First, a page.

It is important for TA purveyors to understand that the colonial institutions that continue to linger on in a post-colonial world may be the only model they have ever observed. Study tours within and outside the region can be very useful in broadening awareness of other systems and cultures.  In nations that are so small that telling inconvenient truths may prove permanently uncomfortable, assessments of weaknesses must be both accurate and blame-free.  Timelines for effecting change must likewise recognize the pace at which organizations and the friends and neighbors who staff them can absorb change.

So, in the Caribbean the size and scope of TA efforts are important in designing sustainable improvements.   It has become fairly clear that overnight changes, whether enabled by a temporary cadre of specialists or by IT companies promising ‘silver bullet’ automation, have limited on-going value.  When an entire payment system is replaced quickly, efficiently and without sufficient buy-in, the automation may be implemented but largely unused: manual systems continue to be maintained, accountability is stymied because tradition is allowed to trump whatever is ‘reformed.’  The reforms, when managed by an elite group, do not replace the older way of doing things. Often this occurs because there has not been enough participation, communication and training.  Small islands mean small ministries of finance with small budget and accounting sections.  Post-colonial civil service systems seem to be particularly intolerant of flexibility of duties, thus lengthening the time needed for implementing reforms.

RA: How is CARTAC organized?

EZB:  CARTAC itself is governed by a strong, diverse, and involved steering committee that demands responsiveness and accountability.  Key officials of member countries - governors of central banks, financial secretaries with budget, investment and revenue portfolios - are joined by development partners to review and monitor progress of work programs from their varied perspective.  They jointly consider:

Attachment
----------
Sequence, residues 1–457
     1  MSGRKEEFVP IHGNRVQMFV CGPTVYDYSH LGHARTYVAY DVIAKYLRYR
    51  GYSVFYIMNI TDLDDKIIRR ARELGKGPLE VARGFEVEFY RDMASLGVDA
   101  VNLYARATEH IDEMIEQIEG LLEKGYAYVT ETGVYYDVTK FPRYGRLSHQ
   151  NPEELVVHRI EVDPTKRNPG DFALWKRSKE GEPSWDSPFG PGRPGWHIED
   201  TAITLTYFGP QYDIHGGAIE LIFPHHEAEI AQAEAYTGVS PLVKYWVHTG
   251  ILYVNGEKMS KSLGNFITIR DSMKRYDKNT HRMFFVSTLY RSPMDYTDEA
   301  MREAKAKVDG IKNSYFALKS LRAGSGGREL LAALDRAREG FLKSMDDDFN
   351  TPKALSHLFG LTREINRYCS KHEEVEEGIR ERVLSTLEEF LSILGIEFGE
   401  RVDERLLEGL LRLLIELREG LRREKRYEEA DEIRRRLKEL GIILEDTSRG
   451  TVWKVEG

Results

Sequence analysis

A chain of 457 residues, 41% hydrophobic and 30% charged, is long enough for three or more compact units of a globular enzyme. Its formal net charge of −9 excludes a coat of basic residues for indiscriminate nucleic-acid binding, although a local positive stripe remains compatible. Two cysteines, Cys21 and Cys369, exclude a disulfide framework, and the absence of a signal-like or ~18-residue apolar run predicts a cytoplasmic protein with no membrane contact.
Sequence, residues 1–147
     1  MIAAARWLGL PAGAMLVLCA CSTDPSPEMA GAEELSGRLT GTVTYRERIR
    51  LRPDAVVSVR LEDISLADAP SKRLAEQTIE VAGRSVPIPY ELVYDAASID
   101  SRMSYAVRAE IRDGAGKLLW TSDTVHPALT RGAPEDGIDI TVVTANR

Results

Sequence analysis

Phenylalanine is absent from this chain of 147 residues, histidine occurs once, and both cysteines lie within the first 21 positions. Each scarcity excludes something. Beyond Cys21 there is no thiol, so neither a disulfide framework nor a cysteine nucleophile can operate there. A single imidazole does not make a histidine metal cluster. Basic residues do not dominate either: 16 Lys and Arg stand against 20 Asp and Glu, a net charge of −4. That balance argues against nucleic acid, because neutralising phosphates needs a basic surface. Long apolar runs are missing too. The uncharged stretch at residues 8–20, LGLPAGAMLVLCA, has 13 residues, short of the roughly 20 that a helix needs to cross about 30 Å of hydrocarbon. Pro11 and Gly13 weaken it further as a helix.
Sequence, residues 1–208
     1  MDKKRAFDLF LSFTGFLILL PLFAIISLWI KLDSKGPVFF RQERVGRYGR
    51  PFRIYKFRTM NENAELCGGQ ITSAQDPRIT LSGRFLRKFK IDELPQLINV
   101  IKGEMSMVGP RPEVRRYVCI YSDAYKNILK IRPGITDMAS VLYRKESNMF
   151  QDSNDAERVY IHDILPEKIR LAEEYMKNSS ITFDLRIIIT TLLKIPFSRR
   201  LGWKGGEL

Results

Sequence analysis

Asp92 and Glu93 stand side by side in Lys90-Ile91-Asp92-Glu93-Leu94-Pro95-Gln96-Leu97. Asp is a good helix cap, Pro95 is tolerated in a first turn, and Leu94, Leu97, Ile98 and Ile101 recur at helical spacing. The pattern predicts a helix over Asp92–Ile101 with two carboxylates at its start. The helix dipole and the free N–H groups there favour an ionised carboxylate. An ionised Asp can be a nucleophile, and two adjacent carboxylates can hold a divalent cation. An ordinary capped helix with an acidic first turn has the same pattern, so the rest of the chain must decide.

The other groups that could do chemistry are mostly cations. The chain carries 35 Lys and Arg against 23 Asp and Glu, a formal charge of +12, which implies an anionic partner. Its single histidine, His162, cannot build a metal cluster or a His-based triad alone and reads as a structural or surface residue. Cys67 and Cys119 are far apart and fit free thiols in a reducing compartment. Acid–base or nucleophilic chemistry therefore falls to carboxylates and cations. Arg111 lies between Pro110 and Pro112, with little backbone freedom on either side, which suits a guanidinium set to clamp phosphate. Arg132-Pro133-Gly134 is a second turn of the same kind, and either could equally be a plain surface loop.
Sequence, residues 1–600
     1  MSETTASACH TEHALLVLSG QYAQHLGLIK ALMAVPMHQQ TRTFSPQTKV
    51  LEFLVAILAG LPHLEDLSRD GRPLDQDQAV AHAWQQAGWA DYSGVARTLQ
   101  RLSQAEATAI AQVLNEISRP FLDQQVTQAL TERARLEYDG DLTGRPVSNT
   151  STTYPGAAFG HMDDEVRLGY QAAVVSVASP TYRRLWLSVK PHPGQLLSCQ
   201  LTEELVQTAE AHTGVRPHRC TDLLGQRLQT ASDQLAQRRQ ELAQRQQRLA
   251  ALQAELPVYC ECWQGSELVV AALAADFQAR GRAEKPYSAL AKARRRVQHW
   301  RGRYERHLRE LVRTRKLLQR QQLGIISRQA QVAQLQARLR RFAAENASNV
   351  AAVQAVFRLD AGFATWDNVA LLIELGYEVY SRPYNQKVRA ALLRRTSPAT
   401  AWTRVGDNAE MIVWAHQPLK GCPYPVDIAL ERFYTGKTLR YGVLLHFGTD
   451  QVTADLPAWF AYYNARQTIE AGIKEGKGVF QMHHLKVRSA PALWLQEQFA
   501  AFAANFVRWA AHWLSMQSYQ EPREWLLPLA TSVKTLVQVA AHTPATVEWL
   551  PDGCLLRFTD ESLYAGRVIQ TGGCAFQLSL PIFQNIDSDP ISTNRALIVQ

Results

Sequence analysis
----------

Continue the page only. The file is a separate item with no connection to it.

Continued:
• Are the work programs focused on the most relevant issues?
  • Is sufficient care devoted to understanding the risks to continued economic stability and growth?
  • Are potential positive economic elements being developed in the most balanced way?
  • Are there technical processes in place that enable good administration of available resources?
  • Is local and regional capacity being developed so that progress is sustainable?

RA:  That sounds like CARTAC is pretty independent and self-directed.  Is there a role for the IMF Headquarters to play?

EZB:  CARTAC has been quite effective in leveraging the vast knowledge and experience of IMF staff.  The Area Department, in this case Western Hemisphere, is kept apprised of the plans and progress for TA and it in turn makes sure that CARTAC understands the larger issues arising from the Fund’s surveillance work.  The technical departments, FAD in the case of PFM and revenue administration, offer the discipline of back-stopping by seasoned professionals to assure quality, and incredible wealth of experience of reform in all parts of the world.